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For other uses, see Dominance.
"Dominant species" redirects here. For other uses, see Dominant Species.
Ecological dominance is the degree to which a taxon is more numerous than its competitors in an ecological community, or makes up more of the biomass. Most ecological communities are defined by their dominant species.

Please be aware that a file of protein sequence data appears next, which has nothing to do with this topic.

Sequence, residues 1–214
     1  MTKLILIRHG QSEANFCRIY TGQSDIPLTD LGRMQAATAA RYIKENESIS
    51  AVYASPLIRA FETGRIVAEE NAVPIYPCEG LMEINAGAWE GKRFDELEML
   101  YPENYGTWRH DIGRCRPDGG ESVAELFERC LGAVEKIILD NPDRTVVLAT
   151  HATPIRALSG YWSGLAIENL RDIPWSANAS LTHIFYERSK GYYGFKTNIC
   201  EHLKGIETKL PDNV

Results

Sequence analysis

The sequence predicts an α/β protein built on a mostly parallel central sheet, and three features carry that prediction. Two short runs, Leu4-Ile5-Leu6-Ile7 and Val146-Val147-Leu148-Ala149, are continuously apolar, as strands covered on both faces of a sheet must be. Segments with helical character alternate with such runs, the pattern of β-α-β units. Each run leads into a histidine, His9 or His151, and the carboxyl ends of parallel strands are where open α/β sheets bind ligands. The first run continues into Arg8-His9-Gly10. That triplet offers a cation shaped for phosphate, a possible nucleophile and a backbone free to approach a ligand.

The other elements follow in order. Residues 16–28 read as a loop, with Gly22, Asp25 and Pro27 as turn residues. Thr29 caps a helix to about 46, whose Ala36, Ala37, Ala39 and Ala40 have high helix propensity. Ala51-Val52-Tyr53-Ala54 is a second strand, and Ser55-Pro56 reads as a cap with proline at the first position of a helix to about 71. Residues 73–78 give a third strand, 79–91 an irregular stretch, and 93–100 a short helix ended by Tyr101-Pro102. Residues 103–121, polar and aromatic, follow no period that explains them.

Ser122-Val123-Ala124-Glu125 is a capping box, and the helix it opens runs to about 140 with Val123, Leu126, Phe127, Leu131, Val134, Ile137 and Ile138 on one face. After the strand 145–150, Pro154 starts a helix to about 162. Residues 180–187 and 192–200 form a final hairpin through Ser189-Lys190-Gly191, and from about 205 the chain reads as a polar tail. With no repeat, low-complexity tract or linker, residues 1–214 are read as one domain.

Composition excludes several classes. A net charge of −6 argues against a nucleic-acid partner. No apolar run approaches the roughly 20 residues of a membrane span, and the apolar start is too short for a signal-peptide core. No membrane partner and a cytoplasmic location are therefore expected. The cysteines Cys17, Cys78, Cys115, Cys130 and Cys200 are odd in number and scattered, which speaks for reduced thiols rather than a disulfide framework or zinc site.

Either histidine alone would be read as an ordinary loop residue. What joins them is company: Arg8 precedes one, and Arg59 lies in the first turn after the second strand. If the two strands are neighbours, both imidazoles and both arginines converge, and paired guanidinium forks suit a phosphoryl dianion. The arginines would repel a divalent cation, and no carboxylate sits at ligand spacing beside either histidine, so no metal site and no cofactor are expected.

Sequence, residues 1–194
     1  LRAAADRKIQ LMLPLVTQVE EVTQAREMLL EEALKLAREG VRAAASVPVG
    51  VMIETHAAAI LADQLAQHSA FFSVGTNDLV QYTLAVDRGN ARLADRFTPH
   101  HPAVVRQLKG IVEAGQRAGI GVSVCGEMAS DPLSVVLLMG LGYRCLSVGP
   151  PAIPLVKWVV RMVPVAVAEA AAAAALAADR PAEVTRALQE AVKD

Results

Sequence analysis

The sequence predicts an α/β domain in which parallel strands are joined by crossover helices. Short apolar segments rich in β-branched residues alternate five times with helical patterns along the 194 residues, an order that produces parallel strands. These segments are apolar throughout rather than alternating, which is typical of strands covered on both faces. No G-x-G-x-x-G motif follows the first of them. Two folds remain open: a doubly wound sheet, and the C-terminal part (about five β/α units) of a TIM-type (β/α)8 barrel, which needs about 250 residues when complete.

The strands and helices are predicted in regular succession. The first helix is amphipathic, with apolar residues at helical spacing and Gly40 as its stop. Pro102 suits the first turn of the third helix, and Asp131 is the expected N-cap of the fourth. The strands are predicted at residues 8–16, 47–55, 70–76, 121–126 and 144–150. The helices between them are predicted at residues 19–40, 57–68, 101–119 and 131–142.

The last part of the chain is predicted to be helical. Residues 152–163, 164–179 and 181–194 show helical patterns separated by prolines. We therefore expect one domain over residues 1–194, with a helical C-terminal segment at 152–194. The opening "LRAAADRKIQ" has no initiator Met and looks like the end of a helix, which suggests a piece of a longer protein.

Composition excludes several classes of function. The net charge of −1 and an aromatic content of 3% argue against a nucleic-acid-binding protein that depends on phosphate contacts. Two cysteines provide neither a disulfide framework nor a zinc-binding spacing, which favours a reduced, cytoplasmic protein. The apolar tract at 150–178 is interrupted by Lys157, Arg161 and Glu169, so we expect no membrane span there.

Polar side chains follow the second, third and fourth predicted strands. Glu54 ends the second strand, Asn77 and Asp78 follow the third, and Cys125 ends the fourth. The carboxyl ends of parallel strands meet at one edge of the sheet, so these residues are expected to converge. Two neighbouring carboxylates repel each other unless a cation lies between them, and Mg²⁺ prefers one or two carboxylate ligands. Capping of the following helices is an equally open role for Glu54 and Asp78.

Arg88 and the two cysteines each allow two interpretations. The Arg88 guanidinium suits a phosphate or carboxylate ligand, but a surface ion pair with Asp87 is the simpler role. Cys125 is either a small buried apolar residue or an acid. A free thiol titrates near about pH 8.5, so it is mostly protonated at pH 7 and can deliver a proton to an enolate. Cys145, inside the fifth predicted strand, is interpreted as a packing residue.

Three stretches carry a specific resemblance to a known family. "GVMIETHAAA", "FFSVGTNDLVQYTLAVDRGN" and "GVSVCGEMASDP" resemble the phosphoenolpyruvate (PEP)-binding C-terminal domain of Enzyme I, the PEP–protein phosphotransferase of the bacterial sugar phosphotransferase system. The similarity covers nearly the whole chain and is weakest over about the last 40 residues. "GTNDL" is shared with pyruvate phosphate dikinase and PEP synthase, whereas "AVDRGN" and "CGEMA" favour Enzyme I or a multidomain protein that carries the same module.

- In many examples of wet woodland in western Europe, the dominant tree is alder (Alnus glutinosa).
- In temperate bogs, the dominant vegetation is usually species of Sphagnum moss.
- Tidal swamps in the tropics are usually dominated by species of mangrove (Rhizophoraceae)
- Some sea floor communities are dominated by brittle stars.
- Exposed rocky shorelines are dominated by sessile organisms such as barnacles and limpets.